By Richard Valdmanis
BOSTON, Dec 19 (Reuters) - Massachusetts said it will require annual reporting of CEO compensation at the state's public charities after a review found hospitals, health care plans, and universities giving their executives "high" and rapidly increasing pay.
The review by Massachusetts Attorney General Martha Coakley's office found chief executives at the state's top 25 charitable organizations received annual compensation ranging from $487,397 to $8.8 million between 2009 to 2011.
"While CEOs at for-profit companies have commanded the highest compensation packages, CEO compensation at public charities has also increased," according to the report released on Thursday. "Despite the care these organizations took in setting CEO compensation, we found little evidence that the process restrained CEO compensation or its growth."
It said high executive pay at public charities "frequently leads to greater levels of concern, because of the view that large compensation packages take money away from charitable missions."
Public charities receive funding from the public at large and provide direct services, while private foundations typically have a single major source of funding and make grants to other charitable foundations rather than operating their own charitable services.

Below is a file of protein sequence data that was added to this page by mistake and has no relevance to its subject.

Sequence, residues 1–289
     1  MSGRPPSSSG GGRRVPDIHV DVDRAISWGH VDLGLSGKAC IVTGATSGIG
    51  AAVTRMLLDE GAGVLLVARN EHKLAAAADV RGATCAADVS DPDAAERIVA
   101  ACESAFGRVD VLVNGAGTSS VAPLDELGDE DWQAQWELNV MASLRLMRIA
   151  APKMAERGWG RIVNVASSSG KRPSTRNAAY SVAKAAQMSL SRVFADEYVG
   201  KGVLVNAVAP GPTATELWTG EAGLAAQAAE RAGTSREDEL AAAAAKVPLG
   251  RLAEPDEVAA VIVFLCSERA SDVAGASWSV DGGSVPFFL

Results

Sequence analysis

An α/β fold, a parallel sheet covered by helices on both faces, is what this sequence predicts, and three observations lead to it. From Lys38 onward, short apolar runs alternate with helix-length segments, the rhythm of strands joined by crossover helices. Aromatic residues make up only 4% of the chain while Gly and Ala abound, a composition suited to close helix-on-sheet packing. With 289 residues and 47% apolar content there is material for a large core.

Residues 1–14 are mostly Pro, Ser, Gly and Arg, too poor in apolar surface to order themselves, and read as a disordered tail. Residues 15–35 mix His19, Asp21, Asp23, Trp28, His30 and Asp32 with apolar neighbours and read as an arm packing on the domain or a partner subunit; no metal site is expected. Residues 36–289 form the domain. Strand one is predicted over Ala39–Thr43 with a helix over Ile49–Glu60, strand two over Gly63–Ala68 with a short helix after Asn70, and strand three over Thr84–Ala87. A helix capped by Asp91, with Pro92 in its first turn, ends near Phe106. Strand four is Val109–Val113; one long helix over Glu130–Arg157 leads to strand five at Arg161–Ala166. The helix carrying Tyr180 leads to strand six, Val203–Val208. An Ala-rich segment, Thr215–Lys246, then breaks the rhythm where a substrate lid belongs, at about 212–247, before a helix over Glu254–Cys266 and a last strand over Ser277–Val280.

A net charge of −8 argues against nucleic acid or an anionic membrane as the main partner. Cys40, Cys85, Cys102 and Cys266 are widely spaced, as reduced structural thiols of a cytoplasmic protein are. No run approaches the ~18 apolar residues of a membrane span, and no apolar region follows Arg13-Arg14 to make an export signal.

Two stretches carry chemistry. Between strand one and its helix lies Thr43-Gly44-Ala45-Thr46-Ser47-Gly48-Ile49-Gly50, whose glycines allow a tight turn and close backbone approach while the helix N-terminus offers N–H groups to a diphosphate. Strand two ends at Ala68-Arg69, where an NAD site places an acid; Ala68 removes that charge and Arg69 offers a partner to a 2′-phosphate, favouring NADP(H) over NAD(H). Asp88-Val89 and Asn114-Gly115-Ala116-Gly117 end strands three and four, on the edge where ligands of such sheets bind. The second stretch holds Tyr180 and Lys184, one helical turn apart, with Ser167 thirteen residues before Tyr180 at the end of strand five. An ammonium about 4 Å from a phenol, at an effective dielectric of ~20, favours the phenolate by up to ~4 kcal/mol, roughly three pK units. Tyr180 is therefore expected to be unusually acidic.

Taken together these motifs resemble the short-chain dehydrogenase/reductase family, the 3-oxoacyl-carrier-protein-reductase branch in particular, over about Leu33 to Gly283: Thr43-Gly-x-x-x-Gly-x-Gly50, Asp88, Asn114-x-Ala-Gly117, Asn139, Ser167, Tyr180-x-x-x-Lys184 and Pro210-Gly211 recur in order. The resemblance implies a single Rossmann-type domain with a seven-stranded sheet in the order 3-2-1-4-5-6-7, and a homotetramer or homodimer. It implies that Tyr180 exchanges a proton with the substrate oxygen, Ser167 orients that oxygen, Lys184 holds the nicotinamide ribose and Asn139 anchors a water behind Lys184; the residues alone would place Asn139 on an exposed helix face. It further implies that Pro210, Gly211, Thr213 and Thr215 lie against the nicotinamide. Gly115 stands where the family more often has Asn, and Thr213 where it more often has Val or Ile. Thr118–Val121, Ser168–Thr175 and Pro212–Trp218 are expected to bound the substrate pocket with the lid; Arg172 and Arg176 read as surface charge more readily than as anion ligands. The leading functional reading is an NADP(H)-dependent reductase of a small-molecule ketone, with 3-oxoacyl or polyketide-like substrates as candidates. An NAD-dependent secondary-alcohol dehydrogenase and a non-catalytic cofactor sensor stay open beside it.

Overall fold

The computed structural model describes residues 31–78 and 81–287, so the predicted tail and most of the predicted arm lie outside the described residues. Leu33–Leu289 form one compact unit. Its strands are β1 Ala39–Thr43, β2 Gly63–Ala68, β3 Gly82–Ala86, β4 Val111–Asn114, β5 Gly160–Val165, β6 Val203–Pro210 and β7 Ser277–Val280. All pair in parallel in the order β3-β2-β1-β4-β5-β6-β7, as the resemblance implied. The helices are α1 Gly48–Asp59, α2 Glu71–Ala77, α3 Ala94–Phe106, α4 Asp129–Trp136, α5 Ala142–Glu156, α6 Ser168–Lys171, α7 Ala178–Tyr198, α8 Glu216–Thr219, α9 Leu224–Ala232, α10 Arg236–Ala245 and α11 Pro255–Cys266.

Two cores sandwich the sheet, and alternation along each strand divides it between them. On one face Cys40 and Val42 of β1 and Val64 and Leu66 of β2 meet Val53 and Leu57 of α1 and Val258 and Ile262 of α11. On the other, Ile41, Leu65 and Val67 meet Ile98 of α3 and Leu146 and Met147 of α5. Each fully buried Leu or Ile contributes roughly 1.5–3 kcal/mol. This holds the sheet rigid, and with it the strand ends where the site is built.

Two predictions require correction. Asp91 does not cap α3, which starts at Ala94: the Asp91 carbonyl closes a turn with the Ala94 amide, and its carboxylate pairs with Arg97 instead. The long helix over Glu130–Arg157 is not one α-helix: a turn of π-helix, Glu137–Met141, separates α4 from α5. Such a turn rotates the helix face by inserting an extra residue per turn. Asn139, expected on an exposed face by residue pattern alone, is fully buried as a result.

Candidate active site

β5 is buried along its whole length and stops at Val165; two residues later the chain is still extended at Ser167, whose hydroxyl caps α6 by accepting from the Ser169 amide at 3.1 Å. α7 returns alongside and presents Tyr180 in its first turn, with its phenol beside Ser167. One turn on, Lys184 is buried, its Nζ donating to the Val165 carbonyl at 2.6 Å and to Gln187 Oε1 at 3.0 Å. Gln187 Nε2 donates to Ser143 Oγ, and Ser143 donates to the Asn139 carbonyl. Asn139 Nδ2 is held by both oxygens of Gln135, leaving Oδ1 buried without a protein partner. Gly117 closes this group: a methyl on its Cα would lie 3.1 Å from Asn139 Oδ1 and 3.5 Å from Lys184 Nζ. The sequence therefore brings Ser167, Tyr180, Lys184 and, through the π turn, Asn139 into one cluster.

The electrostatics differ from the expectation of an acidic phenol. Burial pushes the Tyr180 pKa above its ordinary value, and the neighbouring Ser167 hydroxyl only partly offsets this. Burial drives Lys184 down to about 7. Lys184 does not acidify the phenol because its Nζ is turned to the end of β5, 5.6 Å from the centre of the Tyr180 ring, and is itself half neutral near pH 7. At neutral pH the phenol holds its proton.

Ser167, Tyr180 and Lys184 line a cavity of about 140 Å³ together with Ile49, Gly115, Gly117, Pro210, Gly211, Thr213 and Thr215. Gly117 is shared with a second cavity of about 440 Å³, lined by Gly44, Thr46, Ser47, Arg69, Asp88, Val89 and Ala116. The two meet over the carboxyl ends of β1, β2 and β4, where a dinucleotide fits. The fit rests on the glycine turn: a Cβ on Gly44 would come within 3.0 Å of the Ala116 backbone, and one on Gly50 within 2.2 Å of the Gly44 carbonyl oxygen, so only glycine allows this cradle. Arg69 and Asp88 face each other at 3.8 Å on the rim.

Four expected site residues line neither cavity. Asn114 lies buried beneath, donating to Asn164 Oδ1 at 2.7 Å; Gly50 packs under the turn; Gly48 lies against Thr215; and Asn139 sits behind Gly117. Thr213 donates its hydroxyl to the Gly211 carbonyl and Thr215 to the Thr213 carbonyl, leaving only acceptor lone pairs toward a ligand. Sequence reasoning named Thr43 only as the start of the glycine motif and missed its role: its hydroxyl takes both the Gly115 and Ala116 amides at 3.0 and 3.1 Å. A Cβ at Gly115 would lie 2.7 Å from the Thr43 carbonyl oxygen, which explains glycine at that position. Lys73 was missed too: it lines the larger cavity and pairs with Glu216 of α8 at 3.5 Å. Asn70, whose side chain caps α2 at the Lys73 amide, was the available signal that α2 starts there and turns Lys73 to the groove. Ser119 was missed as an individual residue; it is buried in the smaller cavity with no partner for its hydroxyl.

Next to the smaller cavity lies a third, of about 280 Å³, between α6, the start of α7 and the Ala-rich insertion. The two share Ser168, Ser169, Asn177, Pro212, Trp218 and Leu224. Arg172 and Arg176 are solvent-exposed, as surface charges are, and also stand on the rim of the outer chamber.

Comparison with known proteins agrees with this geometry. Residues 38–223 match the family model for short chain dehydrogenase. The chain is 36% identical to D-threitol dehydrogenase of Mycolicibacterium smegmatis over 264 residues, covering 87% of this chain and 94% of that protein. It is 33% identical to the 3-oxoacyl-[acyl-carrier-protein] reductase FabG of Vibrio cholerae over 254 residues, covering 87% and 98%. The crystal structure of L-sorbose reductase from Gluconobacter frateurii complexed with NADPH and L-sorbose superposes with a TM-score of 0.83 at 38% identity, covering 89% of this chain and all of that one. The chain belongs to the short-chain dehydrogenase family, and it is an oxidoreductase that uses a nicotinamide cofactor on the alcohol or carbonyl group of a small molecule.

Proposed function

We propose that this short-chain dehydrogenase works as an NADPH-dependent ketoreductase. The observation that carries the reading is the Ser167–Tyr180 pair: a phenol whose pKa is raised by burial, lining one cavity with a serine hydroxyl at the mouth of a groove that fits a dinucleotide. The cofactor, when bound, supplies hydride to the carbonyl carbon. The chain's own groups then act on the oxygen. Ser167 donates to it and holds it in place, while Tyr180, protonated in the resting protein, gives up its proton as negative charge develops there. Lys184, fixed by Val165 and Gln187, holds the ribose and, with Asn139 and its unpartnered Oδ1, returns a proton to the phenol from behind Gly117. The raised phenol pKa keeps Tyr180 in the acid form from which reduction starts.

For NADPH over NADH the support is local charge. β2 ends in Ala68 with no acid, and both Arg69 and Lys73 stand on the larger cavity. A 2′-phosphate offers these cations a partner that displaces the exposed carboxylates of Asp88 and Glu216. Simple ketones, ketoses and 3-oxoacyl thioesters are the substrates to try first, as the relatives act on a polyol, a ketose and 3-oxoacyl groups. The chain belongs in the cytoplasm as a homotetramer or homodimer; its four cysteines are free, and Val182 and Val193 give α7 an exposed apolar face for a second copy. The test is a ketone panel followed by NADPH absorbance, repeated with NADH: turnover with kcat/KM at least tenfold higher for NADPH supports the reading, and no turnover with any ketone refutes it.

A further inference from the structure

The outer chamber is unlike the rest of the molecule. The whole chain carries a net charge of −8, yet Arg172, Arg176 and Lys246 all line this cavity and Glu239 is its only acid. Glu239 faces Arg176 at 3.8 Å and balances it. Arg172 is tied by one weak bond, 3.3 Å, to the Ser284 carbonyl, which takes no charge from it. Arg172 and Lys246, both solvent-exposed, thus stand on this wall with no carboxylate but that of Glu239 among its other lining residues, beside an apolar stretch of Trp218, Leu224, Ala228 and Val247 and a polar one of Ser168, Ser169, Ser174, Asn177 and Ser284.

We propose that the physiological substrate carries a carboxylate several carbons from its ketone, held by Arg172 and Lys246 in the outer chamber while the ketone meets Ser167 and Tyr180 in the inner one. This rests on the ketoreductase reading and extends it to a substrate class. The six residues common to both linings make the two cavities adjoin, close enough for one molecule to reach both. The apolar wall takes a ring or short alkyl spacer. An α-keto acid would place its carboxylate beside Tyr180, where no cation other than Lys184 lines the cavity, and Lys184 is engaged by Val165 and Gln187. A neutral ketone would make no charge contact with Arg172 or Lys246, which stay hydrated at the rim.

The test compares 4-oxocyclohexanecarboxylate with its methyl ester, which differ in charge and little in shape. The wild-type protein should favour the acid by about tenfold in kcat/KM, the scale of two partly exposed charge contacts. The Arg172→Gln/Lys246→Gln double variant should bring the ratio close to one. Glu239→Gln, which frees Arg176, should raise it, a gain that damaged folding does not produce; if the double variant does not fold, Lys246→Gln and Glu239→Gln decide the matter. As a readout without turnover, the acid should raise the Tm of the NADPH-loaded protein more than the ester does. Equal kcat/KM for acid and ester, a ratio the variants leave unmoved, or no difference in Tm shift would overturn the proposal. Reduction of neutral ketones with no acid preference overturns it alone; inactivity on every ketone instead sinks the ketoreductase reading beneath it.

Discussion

Former Blue Cross Blue Shield of Massachusetts CEO Cleve Killingsworth was listed in the report as having received the highest annual compensation of $8.8 million in 2010 - a figure that was inflated by a multi-million dollar severance package. His successor Andrew Dreyfus was paid $1.8 million the following year, more in line with other health plan CEOs.
Hospital CEO pay was typically between $1 million and $2 million, while at universities it was slightly lower, according to the review. The report also listed the Harvard Management Co, which manages the elite university's multi-billion dollar endowment and whose CEO Jane Mendillo pulled in $5.2 million in 2011 after a year of strong performance for the fund.
Coakley's office said the review had prompted it to implement a new annual reporting form "requiring detailed information about CEO compensation" from charities, including a breakdown of pay and other benefits and the process taken to decide on the compensation.
It said it hoped the additional reporting would lead to more thoughtful decisions on executive pay and ultimately reduce the pace of annual increases.
"We hope that requiring reporting on these additional aspects ... will moderate the rate of increase in executive compensation," it said. "That might also decrease the disparity between CEO pay and that of the rest of the workforce, a disparity that has generally increased in the United States in recent years and is a cause of concern to many."
The attorney general's report noted that high CEO pay also posed a reputational risk to charitable organizations, many of which receive sizeable tax breaks.
"While we do not at this time recommend specific limits on executive pay, we do recommend that public charities consider the level of public support they receive as an aspect of determining the reasonableness of executive pay," it said. (Editing by Phil Berlowitz)